THERE BE DRAGONS… UNTHINKABLES from our networks that some fear to talk about.
Following the end of the Cold War, in 1992 Francis Fukuyama published The End of History and the Last Man, suggesting mankind’s political ideology had completely evolved. But he didn’t actually predict the end of our story.
Reflection on the end of history and humanity — eschatology — is a major dimension of the human experience. The sense of loss of
everything to which one could ever contribute can be extremely powerful. Some people find it easier to believe in a certainty than an uncertain story, especially when the future would be so different and incomprehensible.
Professor Jem Bendell argues that taking the bleakest view of climate change, including collapse of the system and even human extinction, can help us break from conformity and release creativity. Founder of the Institute for Leadership and Sustainability (IFLAS) at the University of Cumbria, Bendell has set up the Deep Adaptation Forum, offering online support for practitioners and concerned citizens involved in preparing for what he considers a very likely collapse of industrial civilisation.
Psychology research suggests that we relate information through stories, Bendell notes. When talking about collapse, catastrophe and extinction, he found that people choose scenarios with probabilities not based on data and analysis, but on the story with which they choose to live.
“Currently, I have chosen to interpret the information as indicating inevitable collapse, probable catastrophe and possible extinction,” he says.
Bendell proposes a ‘deep adaptation’ agenda of resilience, relinquishment and restoration as a useful framework for dialogue in the face of climate change.
In 2018 several international funds and banks agreed major financing for governments to increase resilience of their communities. Yet many initiatives are falling short of commitments made. Disaster Risk Reduction activities have increased in order to reduce damage from natural hazards like earthquakes, floods, droughts and cyclones; to reduce sensitivity to these hazards; and to increasing the capacity to respond when disaster hits. Businesses are responding through risk and business continuity management, identifying weak spots in their value chains, and trying to reduce vulnerabilities or the impact of a failure.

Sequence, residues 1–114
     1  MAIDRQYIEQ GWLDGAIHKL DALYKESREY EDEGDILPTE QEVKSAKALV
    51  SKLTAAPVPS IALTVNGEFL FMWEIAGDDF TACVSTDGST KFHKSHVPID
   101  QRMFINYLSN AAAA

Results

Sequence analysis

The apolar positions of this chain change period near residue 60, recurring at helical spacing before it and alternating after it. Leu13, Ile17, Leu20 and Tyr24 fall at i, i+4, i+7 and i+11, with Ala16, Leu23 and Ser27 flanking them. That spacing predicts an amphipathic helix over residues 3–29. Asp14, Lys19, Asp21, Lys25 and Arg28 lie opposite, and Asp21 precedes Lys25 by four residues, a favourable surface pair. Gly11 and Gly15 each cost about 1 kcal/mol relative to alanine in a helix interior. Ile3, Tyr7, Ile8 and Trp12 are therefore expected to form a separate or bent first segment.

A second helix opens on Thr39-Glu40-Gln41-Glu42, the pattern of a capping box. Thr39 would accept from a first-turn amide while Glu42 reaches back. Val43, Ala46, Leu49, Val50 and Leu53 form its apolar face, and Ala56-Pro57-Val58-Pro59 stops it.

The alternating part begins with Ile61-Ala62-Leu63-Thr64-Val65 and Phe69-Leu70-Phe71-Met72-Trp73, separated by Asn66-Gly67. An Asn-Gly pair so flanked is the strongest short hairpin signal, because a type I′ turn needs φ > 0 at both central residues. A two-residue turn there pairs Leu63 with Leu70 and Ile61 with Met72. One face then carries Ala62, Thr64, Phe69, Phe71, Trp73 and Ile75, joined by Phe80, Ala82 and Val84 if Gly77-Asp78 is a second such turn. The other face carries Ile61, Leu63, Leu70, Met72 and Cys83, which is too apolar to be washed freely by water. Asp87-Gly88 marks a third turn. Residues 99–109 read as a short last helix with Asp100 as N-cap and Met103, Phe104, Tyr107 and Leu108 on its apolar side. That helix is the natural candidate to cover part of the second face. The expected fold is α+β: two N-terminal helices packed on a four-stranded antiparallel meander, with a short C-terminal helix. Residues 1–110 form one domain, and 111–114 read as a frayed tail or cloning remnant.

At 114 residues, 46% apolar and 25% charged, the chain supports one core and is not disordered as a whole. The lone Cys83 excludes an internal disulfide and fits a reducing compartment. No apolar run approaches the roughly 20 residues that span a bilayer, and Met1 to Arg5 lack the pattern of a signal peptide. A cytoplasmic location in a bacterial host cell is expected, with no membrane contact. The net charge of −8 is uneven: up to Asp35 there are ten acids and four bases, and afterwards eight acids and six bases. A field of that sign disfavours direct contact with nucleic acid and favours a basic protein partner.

Bendell points out that resilience is not the same as sustainability. Aiming for material progress may be counter-productive, while the initiatives tend to focus on physical resilience rather than mental resilience. The aim should not be to bounce back to where we are, but might be more about reframing identity and priorities. He proposes we also practice ‘relinquishment’ and ‘restoration’.
Relinquishment means “letting go of certain assets, behaviours and beliefs where retaining them could make matters worse”. Examples he gives include retreating from coastlines, closing vulnerable industrial facilities, and giving up certain consumption.
Relearning attitudes and approaches to life and organisation “that our hydrocarbon-fuelled civilisation eroded”. Examples are re-wilding landscapes to increase ecological benefits and reduce management; eating to match the seasons; rediscovering non-electronically powered forms of play; increasing community-level productivity and support.
In the British city of Peterborough, citizens devoted a whole day to exploring what relinquishment could involve. As such, it allowed more open conversation and imagination than a narrower focus on resilience. Further events are planned across the UK